US, France united in stance on Iran
Warn nation to suspend nuclear activity
PARIS - After Iran yesterday rejected a six-nation offer of incentives to stop enriching uranium, President Bush and President Nicolas Sarkozy of France jointly warned Tehran against proceeding toward a nuclear bomb.
"Our allies understand that a nuclear-armed Iran is incredibly destabilizing, and they understand that it would be a major blow to world peace," Bush said at a news conference with Sarkozy at Élysée Palace.
The presidents stopped short yesterday of threatening possible military action, but European leaders have appeared more inclined recently to get aggressive about the current loosely enforced UN sanctions, to support tougher ones, and to possibly even adopt unilateral measures to squeeze oil-rich Iran by curtailing dealings with its banks.
The incentives package was presented in Tehran yesterday by Javier Solana, European Union foreign policy chief, who conveyed the offer on behalf of the United States, France, Germany, Britain, Russia, and China.
Solana presented the plan to Iran's foreign minister, Manouchehr Mottaki, and its top nuclear negotiator, Saeed Jalili. The plan, which included economic, technological, educational, and political rewards, was is conditioned on Iran halting its uranium enrichment.
Bush and Sarkozy were informed of Iran's rejection of the plan as they went into morning meetings. Their session capped warm talks that began over a palace dinner Friday night. When the US and French leaders appeared together before reporters in a grand palace hall around lunchtime, they presented a single front - contrasting with the tension shown between Bush and Jacques Chirac, Sarkozy's predecessor.
"I'm disappointed that the leaders rejected this generous offer out of hand," Bush told reporters.
"As far as military nuclear access is concerned, this is 'no' on the part of the international community," Sarkozy said.
Iran says its enrichment is to generate nuclear energy, while the West believes it is designed as part of a now-dormant warhead program that could easily be restarted.
The package is similar to a 2006 incentives offer, said a senior State Department official. It includes "more meat in terms of how Iran could prosper" from going along, including new help developing civilian nuclear power in the form of energy partnerships and other measures, said the official, who spoke on condition of anonymity to more freely describe the offer.
The official said that Tehran's dismissive stance was expected and that allies will allow some time before acting, in the hope that officials there will decide to more seriously weigh the proposal.
Perhaps reflecting this, Bush did not repeat his strongest rhetoric on Tehran, which he has repeatedly threatened with new sanctions - or even the last-resort possibility of a military strike if it remains defiant.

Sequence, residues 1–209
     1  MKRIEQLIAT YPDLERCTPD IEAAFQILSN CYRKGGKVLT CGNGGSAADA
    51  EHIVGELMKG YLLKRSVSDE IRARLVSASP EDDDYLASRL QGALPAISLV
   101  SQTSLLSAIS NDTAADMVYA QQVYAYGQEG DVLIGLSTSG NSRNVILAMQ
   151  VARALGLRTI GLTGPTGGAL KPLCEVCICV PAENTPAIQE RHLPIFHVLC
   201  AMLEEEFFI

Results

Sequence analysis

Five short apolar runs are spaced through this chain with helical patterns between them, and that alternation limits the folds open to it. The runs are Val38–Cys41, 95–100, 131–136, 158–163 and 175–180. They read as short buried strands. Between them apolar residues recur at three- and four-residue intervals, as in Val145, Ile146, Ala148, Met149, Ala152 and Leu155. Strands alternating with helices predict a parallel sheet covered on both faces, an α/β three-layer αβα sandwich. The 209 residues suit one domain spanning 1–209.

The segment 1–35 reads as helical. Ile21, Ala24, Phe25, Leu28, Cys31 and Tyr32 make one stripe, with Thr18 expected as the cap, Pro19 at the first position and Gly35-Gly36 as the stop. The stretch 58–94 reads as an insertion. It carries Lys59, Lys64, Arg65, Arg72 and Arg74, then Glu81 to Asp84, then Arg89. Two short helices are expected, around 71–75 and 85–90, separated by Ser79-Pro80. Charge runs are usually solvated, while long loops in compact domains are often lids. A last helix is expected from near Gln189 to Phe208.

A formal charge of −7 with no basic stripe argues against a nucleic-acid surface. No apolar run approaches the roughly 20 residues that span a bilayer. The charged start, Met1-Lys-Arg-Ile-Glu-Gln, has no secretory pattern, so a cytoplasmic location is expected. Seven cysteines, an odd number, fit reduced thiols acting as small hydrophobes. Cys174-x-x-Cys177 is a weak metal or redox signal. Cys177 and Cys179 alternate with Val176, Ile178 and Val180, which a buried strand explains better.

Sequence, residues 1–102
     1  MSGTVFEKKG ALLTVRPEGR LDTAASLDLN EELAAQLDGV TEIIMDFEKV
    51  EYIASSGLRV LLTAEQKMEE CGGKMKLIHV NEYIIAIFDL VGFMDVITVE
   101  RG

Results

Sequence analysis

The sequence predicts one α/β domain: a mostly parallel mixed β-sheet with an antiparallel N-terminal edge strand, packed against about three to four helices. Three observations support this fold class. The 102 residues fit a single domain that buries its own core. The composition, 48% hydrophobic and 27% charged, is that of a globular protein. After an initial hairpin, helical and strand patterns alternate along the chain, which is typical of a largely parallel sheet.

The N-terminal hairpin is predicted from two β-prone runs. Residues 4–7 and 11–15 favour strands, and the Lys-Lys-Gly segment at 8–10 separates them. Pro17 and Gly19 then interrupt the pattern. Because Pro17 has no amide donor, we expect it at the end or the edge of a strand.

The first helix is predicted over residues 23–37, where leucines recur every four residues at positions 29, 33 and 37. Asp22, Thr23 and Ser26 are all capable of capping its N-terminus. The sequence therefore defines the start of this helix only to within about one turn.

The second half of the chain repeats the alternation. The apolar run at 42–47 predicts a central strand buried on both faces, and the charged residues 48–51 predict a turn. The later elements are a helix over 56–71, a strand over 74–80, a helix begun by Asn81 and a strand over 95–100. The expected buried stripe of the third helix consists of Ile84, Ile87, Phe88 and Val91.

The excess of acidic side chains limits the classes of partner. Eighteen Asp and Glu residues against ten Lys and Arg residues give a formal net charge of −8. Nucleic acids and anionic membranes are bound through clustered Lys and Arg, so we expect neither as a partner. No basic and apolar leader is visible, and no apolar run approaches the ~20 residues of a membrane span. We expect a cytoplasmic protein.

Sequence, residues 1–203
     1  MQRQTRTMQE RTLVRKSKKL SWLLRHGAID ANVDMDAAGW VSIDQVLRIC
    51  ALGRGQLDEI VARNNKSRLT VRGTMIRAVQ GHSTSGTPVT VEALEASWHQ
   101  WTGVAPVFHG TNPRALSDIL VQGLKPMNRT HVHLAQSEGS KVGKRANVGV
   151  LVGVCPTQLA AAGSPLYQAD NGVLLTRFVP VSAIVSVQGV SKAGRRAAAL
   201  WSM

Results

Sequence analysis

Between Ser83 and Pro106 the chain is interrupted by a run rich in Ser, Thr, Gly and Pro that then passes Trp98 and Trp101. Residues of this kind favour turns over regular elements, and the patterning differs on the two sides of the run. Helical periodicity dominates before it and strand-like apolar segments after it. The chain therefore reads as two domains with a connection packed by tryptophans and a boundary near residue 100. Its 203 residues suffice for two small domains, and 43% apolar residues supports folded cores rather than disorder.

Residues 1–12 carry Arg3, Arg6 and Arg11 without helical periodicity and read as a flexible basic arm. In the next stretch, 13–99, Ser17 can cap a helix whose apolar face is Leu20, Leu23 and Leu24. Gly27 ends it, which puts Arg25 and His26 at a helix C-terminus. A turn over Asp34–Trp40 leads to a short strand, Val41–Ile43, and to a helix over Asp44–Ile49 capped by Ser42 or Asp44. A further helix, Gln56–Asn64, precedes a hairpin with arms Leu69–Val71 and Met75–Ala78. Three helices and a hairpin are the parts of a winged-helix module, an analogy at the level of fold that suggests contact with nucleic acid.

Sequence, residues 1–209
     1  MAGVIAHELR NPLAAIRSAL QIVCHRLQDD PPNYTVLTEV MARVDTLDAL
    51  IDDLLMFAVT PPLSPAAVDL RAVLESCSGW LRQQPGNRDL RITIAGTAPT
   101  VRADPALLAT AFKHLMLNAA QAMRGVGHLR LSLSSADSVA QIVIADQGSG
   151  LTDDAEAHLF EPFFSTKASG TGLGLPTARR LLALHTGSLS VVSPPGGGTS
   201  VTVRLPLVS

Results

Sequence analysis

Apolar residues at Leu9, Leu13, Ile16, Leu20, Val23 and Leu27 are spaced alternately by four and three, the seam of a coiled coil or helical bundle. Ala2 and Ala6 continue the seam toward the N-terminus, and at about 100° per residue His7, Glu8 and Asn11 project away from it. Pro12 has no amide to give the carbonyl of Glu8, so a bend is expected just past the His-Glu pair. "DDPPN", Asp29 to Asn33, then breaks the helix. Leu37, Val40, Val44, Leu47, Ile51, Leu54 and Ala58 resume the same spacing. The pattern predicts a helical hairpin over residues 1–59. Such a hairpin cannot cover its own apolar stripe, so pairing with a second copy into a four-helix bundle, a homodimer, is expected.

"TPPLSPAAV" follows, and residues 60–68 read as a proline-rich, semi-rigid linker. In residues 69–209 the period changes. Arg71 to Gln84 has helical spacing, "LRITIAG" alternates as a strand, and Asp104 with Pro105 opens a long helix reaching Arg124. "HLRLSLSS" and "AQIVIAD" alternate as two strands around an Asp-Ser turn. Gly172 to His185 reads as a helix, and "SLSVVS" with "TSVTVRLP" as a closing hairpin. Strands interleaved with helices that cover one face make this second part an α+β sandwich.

The farthest the president went yesterday was to promise the implementation of existing sanctions - three rounds of mild penalties through the auspices of the United Nations. He said the United States was "working with our friends and allies" on unspecified tasks.
Both Bush and Sarkozy gave special emphasis to their position that Iran is entitled to civilian nuclear power, while it can't be trusted to enrich. And they spoke in unison on the point that Iranians have a right to be better represented by a government that Bush said is "creating the depravation inside Iran."
"Our view is we want the Iranian people to flourish and to benefit," he said. It was left to Sarkozy to augment this softer message with tough talk. "If Iran gets a nuclear bomb, that is totally unacceptable," he said. "Our position will not change." Like Bush, Sarkozy declined to offer specifics about what allies will do next. But, he said, "The only solution . . . is a faultless, seamless sanctions regime."
Bush and Sarkozy spoke with one voice on Syria as well, saying that it must stop backing terrorism that destabilizes the Mideast and calling it a dangerous partner with Iran in that effort.
In a warning to President Bashar Assad of Syria, Bush said: "Stop fooling around with the Iranians and stop harboring terrorists."
Tomorrow, Bush will meet with Prime Minister Gordon Brown of Britain in London. He then heads to Belfast to meet with the territory's power-sharing leaders.
Bush yesterday also was confronted with questions about Iraq, and his administration's desire to negotiate with Baghdad a long-term deal to provide the legal authority and rules covering an ongoing US military and diplomatic presence there.
Bush was upbeat. "If I were a betting man, we'll reach an agreement with the Iraqis," he said.